Mots-clés: Autoethnographie; Modélisation de sujets; XML; Méthodologies
mixtes; Exploration de texte; Aliénation; SSPT-complexe

How to Cite: Sapach, S. (2020). Tagging My Tears and Fears: Text-Mining the Autoethnography. Digital Studies/le Champ Numérique, 10(1), None. DOI: http://doi.org/10.16995/dscn.328
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  Published on 31 Aug 2020
 Accepted on 10 Jun 2020            Submitted on 18 Oct 2018

My tears and fears: Trauma, C-PTSD, and alienation

Before I begin tackling the digital methods of XML tagging, text-mining, and topic modelling, I need to start with an introduction to the life that will be examined in this paper, mine. I have experienced a great deal of trauma in my life! Immediately, this statement is wrought with difficulties. How does one describe the experience of trauma? How is trauma defined? How is it quantified? Trauma can be physical, as occurs through an injury. I have personally experienced seven concussions, two emergency surgeries, and countless cuts and bruises. Trauma can be social, as described by Jeffrey Alexander (2012) who developed a sociological model of trauma that emphasizes its collective nature and cultural transmission. Trauma can be a discourse that explores issues around collective memory, bearing witness, politics and power, and shattered narratives, as explored by Dori Laub and Andreas Hamburger (2017).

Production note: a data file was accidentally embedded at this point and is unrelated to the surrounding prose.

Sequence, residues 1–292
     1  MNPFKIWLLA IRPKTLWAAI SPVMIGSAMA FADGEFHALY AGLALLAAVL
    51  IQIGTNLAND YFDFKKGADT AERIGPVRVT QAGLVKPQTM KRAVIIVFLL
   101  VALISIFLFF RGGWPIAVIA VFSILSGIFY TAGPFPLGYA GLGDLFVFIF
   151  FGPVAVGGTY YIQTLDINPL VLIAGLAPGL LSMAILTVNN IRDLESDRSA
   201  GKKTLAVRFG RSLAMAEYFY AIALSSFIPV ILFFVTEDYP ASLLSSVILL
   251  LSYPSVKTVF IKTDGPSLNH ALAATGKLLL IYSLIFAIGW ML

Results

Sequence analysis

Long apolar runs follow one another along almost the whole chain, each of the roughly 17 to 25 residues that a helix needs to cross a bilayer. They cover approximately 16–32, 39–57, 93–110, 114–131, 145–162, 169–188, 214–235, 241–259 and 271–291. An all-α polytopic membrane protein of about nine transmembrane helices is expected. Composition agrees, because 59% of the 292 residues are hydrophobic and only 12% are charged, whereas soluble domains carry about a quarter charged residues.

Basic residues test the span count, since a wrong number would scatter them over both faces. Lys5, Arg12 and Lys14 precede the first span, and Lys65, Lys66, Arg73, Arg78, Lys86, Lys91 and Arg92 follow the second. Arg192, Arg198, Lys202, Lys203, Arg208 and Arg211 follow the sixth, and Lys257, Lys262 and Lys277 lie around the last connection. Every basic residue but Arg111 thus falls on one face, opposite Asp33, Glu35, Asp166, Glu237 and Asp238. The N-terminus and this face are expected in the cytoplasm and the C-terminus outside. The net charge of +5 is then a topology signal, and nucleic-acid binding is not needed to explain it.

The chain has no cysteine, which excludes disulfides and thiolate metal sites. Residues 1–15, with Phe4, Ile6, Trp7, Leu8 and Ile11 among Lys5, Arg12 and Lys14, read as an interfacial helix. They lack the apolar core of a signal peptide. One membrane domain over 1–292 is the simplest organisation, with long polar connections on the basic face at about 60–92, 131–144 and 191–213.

Having formally researched trauma since 2014, I continue to struggle to define trauma in a way that can be neatly summarized in an introductory paragraph, such as this. In reality, such a feat would be impossible. Trauma can be physical, emotional, sexual, social, political, cultural, shared or individual. It can appear in one or all of these forms depending on who is telling the story. Whomever I choose to cite, I acknowledge that I am doing an injustice to the field of trauma studies as a whole. I have therefore chosen to conduct an autoethnographic project that focuses on my own subjective experiences of trauma. My research explores my “life-as-text”, also referred to as “life narrative” by Smith and Watson (2010), in order to develop grounded theories connecting a relational theory of alienation, developed by Rahel Jaeggi (2014) and discussed below, to my personal struggles with complex post-traumatic stress disorder (C-PTSD). My research is primarily exploratory though it is guided by an informal hypothesis that techniques for the mediation and resolution of alienation may be found in the ways that I have mediated and partially resolved my own C-PTSD.